Sunday, July 23, 2017

IAJGS2017, Day 1

(I'll be blogging about IAJGS2017 all week.  You can see all IAJGS2017 posts here and posts for all IAJGS conferences I've attended here.)

Today got off to an early (6:15AM) flight to Orlando.  We were at the hotel by 9:30, and then it was off for registration and to start the day!
All Registered!

Saturday, July 22, 2017

IAJGS2017 Coming Up!

I'm off to Orlando for the International Association of Jewish Genealogy Societies' annual conference!  I'll be doing several different kinds of presentations, including one of which will be livestreamed.  Details are as follows:

Sunday, July 16, 2017

Rosenfeld Connection

(Note: I'm giving three presentations at next week's IAJGS conference.  Hope to see some readers there!)

Back in August 2014, I wrote about two brothers (David and Chaim/Hyman Rosenfeld) who were related in some manner to the Diamond family.  When they came to America, they were on the same ship with Morris Dorfman (husband of my grandfather's Aunt Shaindel/Jennie) and some other relatives, and they were going to join their cousin L. Diamond, who was my grandfather's Uncle Leibish (Louis Diamond in America).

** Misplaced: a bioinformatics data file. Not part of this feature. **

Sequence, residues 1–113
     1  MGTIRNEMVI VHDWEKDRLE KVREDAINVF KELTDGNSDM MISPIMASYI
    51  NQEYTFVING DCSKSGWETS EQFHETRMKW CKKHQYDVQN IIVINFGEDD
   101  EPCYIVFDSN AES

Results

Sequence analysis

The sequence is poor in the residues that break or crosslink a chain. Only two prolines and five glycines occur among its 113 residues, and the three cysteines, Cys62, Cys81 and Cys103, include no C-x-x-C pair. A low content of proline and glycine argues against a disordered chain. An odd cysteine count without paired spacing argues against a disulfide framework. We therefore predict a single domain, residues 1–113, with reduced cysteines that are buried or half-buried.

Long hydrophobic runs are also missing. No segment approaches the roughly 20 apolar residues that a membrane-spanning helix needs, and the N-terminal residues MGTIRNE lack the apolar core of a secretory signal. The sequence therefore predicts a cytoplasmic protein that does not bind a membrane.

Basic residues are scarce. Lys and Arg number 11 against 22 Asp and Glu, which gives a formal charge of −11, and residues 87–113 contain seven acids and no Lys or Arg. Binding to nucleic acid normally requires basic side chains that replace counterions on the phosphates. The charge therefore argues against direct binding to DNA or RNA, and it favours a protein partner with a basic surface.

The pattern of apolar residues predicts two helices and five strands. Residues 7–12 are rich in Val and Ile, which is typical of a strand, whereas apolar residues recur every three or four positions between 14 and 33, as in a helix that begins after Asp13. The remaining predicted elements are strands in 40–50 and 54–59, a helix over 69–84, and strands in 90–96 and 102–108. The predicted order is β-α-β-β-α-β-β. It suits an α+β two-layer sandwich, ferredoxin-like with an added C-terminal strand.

Rosenfeld Brothers' Ship Manifest; 1909

Sunday, July 9, 2017

Diamond Cousins Reunited, 100+ Years Later

Back in May 2013, I got my first FamilyTreeDNA FamilyFinder (autosomal) results back and contacted a predicted 1st-3rd cousin match.  Long story short (and you can read the long story here--it still gives me chills), my grandfather's aunt Shaindel was not killed in the Holocaust as had been recorded in my family tree since around 1990, but rather she was living in Detroit.  Jennie Diamond Dorfman (as she was known in America) had six children who lived to adulthood, seventeen grandchildren who lived to adulthood, and dozens of great- and great-great grandchildren.
My Grandfather's Aunt, Jennie Diamond Dorfman

Wednesday, July 5, 2017

PD Index for Jewish Ancestry--Some Wrinkles

I'm a geek.  And as a genealogist, genetic genealogy plays right into that--I can use my math and science background to leverage another tool to better understand my family's history.  The more relatives who have tested, the better fidelity I can get in understanding which DNA came from which ancestors which can then help me identify other relatives via DNA.  In doing this, I have tested a lot of cousins (around 50), and I'm still going--I just sent in 3 kits this week, and another relative is hopefully shipping his back directly right around now.